- The FBI's director confirms an inquiry into any Donald Trump campaign links to Russia
- The law enforcement chief says there is no evidence to support Trump's claim that Obama wiretapped Trump
- The Trump administration says 'nothing has changed' and 'there is NO EVIDENCE of Trump-Russia collusion'
- The NSA's head strongly denies Trump administration claims that he asked Britain's GCHQ to spy on Trump
- Democrats and Republicans, meanwhile, trade barbs at Senate hearing on Supreme Court nominee Neil Gorsuch
After a recent bump in popularity, according to the polls, the president's approval rating now appears to have fallen in the last week.
How today's events play out, we will see.
You can follow the latest on what Trump is doing, and how his actions are viewed by the American public, on our Trump tracker page.Copyright: BBC
And one unexpected fact we unearthed today - tarantulas don't grow webs, as one congresswoman learned the hard way when she made a clumsy non-BBC-Earth-approved metaphor.
Vox says several of the president's allegations have today been put to bed.
1. The Russia story is fake, created by Democrats
2. President Obama ordered a wiretap on Trump Tower
3. Britain's top spies helped Obama
The White House takes a different view and said earlier "nothing has changed" with today's evidence.
As the five-and-a-half hour hearing concludes, Republican chairman Devin Nunes summarised the difficulty ahead.
"Here's the challenge...you've announced that you have this big investigation, but now you've got these people who are involved in our government.. These are important players," he said in his closing remarks.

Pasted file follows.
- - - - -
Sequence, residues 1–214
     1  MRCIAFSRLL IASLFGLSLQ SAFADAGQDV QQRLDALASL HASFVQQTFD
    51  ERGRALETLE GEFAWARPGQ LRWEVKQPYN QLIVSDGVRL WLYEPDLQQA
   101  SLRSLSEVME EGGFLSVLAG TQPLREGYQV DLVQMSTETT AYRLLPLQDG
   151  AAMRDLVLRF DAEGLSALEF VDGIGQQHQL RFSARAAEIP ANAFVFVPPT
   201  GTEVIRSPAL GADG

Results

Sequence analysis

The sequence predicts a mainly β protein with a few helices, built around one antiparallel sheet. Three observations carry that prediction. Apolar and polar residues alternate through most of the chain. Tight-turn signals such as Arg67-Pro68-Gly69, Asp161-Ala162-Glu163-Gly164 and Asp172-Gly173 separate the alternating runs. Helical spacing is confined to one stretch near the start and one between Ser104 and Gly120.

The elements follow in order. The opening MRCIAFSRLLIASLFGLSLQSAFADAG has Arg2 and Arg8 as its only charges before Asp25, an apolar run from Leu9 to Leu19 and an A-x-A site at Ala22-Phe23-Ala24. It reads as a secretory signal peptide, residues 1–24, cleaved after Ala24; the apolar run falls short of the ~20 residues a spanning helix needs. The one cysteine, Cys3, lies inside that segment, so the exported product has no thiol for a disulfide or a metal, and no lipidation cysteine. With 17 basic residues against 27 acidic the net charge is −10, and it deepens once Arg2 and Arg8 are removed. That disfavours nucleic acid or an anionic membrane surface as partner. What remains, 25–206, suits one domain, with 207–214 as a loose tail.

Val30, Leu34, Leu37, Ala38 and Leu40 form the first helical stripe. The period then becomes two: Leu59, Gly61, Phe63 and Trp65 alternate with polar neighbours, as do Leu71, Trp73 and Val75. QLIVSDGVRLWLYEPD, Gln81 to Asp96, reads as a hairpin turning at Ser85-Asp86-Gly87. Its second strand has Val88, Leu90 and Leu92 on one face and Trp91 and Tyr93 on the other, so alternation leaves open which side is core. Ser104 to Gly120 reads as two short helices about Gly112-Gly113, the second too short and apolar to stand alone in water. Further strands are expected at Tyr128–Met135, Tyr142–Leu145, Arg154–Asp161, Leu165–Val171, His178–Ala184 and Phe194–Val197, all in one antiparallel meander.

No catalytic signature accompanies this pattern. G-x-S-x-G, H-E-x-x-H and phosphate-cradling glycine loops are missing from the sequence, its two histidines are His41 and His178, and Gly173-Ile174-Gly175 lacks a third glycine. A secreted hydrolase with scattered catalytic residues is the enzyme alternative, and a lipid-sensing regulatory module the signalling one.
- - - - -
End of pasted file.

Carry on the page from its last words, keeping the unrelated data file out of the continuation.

"The longer this hangs out here, the bigger the cloud is."
He seems particularly frustrated that no specific names have been identified and no collusion identified.
Nunes asks that if anyone working in the White House or for the Trump administration is found to have contacted the Russians, that the intelligence directors immediately disclose that.
The witnesses are asked by Washington state Democrat Denny Heck why it would matter that Russia allegedly meddled in the US election campaign.
FBI Director Comey says: "When there’s an effort by a foreign nation state to mess with that (US democracy), to destroy that, to corrupt that, it’s very, very serious, threatens what is America.
"If any Americans are part of that effort that’s a very serious matter and so you would expect the FBI to understand if that’s so, and if so who did what."
NSA chief Mike Rogers says: "This behaviour is not likely to stop, this is not likely to be the last time we have a discussion about this kind of activity."
Three years after Russia annexed the Ukrainian territory our correspondent Steve Rosenberg has been to Crimea to hear what people are saying there.
There's been a lot of talk about Crimea and Vladimir Putin in today's hearing, so it might be helpful to see what things really look like on the ground there.
President Trump met Bill Gates at the White House today to discuss foreign aid.
As they met, it was revealed that the Microsoft founder had yet again topped the list of the world's wealthiest people, according to Forbes.
Gates' fortune rose to $86bn, from $75bn.
But it was bad news for Trump, who slipped 220 spots to 544 and must now scrape by on just $3.5bn.